If you want a useful king, look into Gambrinus. The king of Flanders who invented beer.

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Make him a recurring villain. If you annoy the players enough, you can get them to say "Stupid Flanders". Obviously he needs to be left handed.

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sigh
The same vulgar late post-Vulgate grail tale that I derived a Mythic Bloodline from, that of Tim the Enchanter

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What mMF and magical power did it grant? Was the personality flaw a fear of rabbits?

I don't have my notes with me, but IIRC it was either:

  1. a mMF in self-teleportation, and a power to make a burst of flame, or
  2. a mMF in creating flame (in burst?), and the power of short range teleportation (~15/50 paces from memory)

Since Tim dropped everything to follow King Arthur, I think his Personality Flaw was either Generous or Higher Purpose

Though offered to the troupe when asked about Mythic Blood, that one wasn't selected.

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This won't stop bugging me.
Perhaps I should explore the possibilities of the Major Virtue - Immunity to Drowning.
How does this affect Deprivation due to lack of air while immersed under water?

If the Merovingians could conduct prolonged underwater activities during battles, I might consider this a basis for a sorcerous reputation.

Back in the day on Durenmar.de in the late 90s, I believe someone had done a Merovingian write up. Though it could be somewhere else, maybe still findable via project redcap. I was 12-14 when I read it and thought it was kind of weird and didn't understand why the author had such a fascination with them. It was some kind of weird mer-man water magic write up if I'm not mistaken.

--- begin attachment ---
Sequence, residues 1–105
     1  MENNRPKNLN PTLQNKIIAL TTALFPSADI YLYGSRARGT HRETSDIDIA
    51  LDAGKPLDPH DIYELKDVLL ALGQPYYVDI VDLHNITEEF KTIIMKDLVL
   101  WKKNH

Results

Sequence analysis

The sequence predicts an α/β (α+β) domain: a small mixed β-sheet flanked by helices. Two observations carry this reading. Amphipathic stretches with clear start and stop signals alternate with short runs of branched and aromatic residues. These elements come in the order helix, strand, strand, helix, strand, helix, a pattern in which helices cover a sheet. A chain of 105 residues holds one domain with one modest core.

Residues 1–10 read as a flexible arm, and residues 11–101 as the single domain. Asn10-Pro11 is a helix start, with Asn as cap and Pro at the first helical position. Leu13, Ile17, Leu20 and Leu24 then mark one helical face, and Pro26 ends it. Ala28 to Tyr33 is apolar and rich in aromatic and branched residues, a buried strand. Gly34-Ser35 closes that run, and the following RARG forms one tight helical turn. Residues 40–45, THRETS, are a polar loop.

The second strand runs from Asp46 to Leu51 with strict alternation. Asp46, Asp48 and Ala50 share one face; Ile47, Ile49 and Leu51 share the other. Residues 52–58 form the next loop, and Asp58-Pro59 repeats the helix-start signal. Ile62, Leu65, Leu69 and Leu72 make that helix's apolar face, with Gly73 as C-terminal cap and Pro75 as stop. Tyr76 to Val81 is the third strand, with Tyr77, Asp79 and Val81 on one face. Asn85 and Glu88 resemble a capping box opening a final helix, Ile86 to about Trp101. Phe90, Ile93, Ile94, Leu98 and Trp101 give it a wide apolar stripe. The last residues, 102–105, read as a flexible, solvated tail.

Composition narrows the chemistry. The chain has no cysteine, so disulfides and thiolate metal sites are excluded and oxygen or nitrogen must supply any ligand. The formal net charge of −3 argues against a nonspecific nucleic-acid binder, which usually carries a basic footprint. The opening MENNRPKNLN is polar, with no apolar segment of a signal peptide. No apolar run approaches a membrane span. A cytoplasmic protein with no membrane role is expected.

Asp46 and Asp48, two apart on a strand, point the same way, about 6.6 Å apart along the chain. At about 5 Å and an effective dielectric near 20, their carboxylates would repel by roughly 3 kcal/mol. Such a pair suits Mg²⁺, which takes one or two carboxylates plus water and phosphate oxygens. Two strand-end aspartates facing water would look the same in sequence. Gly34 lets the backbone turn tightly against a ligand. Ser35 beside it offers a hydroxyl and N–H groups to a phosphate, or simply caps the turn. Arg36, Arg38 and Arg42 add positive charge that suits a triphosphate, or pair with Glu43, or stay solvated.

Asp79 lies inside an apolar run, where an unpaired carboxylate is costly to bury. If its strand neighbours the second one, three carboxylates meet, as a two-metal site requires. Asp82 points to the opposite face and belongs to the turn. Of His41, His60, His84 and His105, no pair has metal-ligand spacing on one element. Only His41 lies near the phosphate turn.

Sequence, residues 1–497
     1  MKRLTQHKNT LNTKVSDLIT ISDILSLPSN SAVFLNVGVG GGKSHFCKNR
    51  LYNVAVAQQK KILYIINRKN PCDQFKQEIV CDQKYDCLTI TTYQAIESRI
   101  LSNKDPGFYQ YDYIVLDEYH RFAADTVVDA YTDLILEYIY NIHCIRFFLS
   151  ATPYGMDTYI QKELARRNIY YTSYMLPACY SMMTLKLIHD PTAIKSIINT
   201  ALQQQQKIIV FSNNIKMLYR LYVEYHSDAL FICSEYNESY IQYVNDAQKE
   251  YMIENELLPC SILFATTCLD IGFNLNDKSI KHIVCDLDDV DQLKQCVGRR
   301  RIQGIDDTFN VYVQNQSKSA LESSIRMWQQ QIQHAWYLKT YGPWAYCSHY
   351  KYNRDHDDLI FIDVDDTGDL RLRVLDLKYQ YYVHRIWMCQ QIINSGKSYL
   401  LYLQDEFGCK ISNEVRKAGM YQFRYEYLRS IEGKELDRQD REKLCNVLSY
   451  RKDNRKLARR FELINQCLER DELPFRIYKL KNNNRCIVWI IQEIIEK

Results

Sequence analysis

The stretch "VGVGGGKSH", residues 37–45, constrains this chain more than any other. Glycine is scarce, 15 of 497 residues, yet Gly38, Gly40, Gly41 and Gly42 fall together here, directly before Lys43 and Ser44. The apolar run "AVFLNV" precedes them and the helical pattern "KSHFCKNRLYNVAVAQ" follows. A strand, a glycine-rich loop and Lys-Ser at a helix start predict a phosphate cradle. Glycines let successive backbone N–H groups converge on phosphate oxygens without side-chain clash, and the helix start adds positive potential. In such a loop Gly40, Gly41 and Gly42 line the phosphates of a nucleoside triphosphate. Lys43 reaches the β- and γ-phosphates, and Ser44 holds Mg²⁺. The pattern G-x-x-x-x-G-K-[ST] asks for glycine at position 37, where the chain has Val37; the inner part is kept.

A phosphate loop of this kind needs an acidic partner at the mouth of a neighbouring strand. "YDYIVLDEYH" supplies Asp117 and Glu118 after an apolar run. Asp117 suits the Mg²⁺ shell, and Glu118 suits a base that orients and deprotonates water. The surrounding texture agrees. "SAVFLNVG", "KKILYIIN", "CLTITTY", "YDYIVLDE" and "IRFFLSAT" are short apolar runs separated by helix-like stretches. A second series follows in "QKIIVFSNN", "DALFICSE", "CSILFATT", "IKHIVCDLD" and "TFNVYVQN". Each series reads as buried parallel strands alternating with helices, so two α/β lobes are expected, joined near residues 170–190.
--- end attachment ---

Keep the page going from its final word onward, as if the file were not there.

It occurs to me that if you're willing to be a little flexible with Merovech's supernatural ancestry you could model the Quinotaur as an exiled Atlantean. It makes a certain amount of sense, I think.

So then the less common powers of the bloodline could include:

  • Command of aquatic creatures
  • Clairvoyance by means of water
  • Water based divination
  • Weather magic (Atlantean powers can make use of Duration: Storm)
  • Ability to speak with aquatic creatures, plants, and/or spirits
  • Other assorted watery powers

I imagine the write up @Heaven_s_Thunder_Ham mentioned might have been vaguely in this direction, possibly.

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Seriously: While trial by water for witches is, strictly-speaking, more of an early modern practice, trial by water in a more general sense goes back to early medieval times. They tie a rope around you and drop you in a big barrel of water or river. If you're innocent, you sink, and hope they pull you out before you drown. If you're guilty, you float. See, for example, the 12th-century account here (middle of the page):

https://sourcebooks.fordham.edu/source/usamah2.asp

Needless to say, when witch-hunting started to become popular starting in the 14th century, this usage was easily extended to accused witches too. :frowning:

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What really kick started witch hunts wss first the black plague but even more so the reformation and the transformations of thr feudal order that resulted from the social upheaval rhat followed. Iirc the german peak witch huntingnperiod was the immediate aftermath of the 30 yrs war.